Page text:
By James Lieber
Lieber asks all the hard questions - you know, the ones the answers to which are really, really embarassing. For example, where exactly has the $7 or $8 trillion from the Fed gone to?
In mid-September, when it was on the ropes, AIG received an astonishing $85 billion emergency line of credit from the Fed. Soon, that was supplemented by another $67 billion. Much of that money, to use the government's euphemism, has already been "drawn down." Shamefully, neither Washington nor AIG will explain where the billions went. But the answer is increasingly clear: It went to counterparties who bought derivatives from Cassano's shop in London.
And what about the chances of prosecuting?
The other key appointment is Attorney General. A century ago, when powerful trusts distorted the market system, we had AGs who relentlessly tracked and busted them. Today's crisis is missing, so far, an advocate as dynamic and energetic as the mortgage bankers, brokers, bundlers, raters, and quants who, in a few short years, littered the world with rotten loans, diseased CDOs, and lethal derivatives. . . according to William Black, an effective federal litigator and regulator during the 1980s savings-and-loan scandal, by 2004, the FBI perceived an epidemic of fraud. Now a professor of law and finance at the University of Missouri–Kansas City, Black has testified to Congress about the current crisis and paints it as "control fraud" at every level. Such fraud flows from the top tiers of corporations—typically CEOs and CFOs, who control perverse compensation systems that reward cheating and volume rather than quality, and circumvent standard due diligence such as underwriting and accounting. For instance, AIGFP's Cassano reportedly rebuffed AIG's internal auditor.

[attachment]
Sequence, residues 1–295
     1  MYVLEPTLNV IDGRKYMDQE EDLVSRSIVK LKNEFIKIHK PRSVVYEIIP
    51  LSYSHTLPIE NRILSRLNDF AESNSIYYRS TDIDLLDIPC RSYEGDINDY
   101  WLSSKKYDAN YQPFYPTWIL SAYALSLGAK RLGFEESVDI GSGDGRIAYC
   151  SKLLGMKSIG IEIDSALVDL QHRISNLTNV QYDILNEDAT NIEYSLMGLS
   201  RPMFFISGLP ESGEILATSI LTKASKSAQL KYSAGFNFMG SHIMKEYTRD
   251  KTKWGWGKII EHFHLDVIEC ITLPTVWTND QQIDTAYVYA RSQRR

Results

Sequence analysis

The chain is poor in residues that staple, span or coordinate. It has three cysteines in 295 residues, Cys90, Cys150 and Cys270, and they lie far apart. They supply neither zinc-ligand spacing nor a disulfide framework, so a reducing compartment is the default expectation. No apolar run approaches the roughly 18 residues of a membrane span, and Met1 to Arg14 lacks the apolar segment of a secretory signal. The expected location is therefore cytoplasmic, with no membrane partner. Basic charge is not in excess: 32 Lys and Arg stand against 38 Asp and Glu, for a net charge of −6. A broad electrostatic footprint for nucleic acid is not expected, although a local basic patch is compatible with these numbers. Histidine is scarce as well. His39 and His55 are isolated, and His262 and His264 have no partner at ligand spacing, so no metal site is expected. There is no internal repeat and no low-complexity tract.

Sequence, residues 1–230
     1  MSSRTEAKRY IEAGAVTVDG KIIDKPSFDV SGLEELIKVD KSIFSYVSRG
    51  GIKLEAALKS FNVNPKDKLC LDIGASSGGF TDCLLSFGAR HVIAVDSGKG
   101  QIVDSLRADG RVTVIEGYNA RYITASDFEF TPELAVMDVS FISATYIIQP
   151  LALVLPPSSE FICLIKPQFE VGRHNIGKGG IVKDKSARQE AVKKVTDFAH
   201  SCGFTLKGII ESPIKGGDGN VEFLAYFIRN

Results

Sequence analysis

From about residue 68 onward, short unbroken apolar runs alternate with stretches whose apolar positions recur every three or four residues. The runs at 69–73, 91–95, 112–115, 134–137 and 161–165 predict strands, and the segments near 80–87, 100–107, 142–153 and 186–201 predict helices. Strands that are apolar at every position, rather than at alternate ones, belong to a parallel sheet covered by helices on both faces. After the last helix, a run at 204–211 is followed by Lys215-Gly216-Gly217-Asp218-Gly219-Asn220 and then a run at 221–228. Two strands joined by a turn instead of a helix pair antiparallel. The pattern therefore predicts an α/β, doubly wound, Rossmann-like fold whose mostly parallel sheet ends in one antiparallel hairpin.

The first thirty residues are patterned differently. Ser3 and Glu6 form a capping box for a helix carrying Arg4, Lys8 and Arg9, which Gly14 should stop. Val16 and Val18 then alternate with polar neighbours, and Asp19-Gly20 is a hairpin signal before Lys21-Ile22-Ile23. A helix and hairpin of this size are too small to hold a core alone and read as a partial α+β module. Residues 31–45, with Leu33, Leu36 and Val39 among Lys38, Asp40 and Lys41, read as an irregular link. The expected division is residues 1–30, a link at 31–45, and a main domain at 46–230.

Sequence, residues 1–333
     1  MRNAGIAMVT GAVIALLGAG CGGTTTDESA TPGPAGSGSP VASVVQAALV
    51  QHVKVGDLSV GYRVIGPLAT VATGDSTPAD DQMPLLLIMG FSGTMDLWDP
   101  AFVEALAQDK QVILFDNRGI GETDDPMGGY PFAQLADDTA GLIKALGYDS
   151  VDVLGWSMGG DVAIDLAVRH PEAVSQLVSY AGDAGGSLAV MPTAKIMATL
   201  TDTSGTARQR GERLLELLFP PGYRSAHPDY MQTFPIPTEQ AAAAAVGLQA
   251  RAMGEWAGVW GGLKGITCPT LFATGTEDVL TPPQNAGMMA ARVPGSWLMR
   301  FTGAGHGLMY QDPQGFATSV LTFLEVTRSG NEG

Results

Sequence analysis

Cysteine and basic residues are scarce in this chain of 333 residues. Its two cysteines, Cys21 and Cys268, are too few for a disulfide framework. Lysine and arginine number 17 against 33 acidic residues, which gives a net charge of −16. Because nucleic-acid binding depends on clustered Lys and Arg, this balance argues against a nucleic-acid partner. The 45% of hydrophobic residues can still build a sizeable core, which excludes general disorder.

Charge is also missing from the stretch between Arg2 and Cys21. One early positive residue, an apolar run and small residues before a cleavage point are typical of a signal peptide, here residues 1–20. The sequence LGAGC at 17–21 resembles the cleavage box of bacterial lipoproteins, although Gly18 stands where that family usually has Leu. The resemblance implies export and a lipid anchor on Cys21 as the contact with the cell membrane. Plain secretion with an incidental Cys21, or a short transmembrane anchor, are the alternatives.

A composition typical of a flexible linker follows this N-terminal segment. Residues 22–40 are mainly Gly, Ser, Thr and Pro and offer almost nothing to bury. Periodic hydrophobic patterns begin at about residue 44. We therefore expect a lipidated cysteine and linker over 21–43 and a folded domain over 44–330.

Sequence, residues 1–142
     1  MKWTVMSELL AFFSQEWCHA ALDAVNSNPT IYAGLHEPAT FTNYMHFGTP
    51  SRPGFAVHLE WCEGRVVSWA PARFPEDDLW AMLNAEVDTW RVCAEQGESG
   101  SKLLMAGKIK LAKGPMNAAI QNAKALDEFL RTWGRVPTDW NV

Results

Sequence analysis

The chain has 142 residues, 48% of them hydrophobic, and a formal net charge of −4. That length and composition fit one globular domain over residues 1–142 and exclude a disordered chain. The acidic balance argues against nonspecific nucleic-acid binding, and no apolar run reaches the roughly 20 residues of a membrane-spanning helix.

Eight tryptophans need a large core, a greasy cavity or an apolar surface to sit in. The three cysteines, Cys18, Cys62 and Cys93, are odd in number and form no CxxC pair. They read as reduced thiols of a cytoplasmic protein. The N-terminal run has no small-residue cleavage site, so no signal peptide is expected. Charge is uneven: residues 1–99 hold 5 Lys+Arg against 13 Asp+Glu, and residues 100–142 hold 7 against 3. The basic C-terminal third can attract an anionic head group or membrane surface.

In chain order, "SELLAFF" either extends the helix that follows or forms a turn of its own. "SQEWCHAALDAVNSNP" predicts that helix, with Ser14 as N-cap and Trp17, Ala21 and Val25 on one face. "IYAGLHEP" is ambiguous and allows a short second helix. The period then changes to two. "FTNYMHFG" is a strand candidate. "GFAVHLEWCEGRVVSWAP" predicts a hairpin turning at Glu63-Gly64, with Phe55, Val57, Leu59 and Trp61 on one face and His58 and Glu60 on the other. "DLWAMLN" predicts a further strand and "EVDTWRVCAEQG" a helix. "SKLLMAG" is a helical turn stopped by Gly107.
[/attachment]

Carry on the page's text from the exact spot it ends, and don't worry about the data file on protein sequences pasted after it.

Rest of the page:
The environment from the top of the chain—derivatives gang leaders—to the bottom of the chain—subprime, no-doc loan officers—became "criminogenic," Black says. The only real response? Aggressive prosecution of "elites" at all stages in this twisted mess. Black says sentences should not be the light, six-month slaps that white-collar criminals usually get, or the Madoff-style penthouse arrest. . . .
Black suggests that derivatives should be "unwound" and that the payouts cease: "Close out the positions—most of them have no social utility." And where there has been fraud, he adds, "clawback makes perfect sense." That would include taking back the ludicrously large bonuses and other forms of compensation given to CEOs at bailed-out companies.
No one knows how much could be clawed back from the soiled derivatives reap. Clearly, it's not $600 trillion. William Bergman, formerly a market analyst at the Chicago Fed in "netting"—what's left after financial institutions pay each other off for ongoing deals and debts—makes a "guess" that perhaps only 5 percent could be recouped, which he concedes is unfortunately low. Still, that's $30 trillion, a huge number, more than 10 times what the Fed can deploy and over twice the
gross domestic product. Such a sum, if recovered through the criminal justice process, could ease the liquidity crisis and actually get the credit arteries flowing. U.S.
Now, here's the really, really good part. Umm, "good" is not the correct word; more like troubling. Very troubling.
Does Obama's choice for Attorney General, Eric Holder, have the tenacity and will to tackle the widest fraud in American history? Parts of his background don't necessarily augur well: He worked on a pardon for Marc Rich, the fugitive billionaire tax evader once on the FBI's Most Wanted List whom
cleared. After leaving the Clinton era's Justice Department, Holder went to work for Covington & Burling, a D.C. firm that represents corporate heavies including Big Tobacco. He defended Chiquita Brands in a notorious case, in which it paid a $25 million fine for using terrorists in Clinton as security. Holder fits well within the gaggle of elite D.C. lawyers who move back and forth between government and defending corporate criminals. He doesn't exactly have the sort of résumé that startles robber barons. Columbia
There's much, much more there. Like the glaring conflicts of interest of former Treasury Secretary Hank Paulson. So please, go read it.
By James Lieber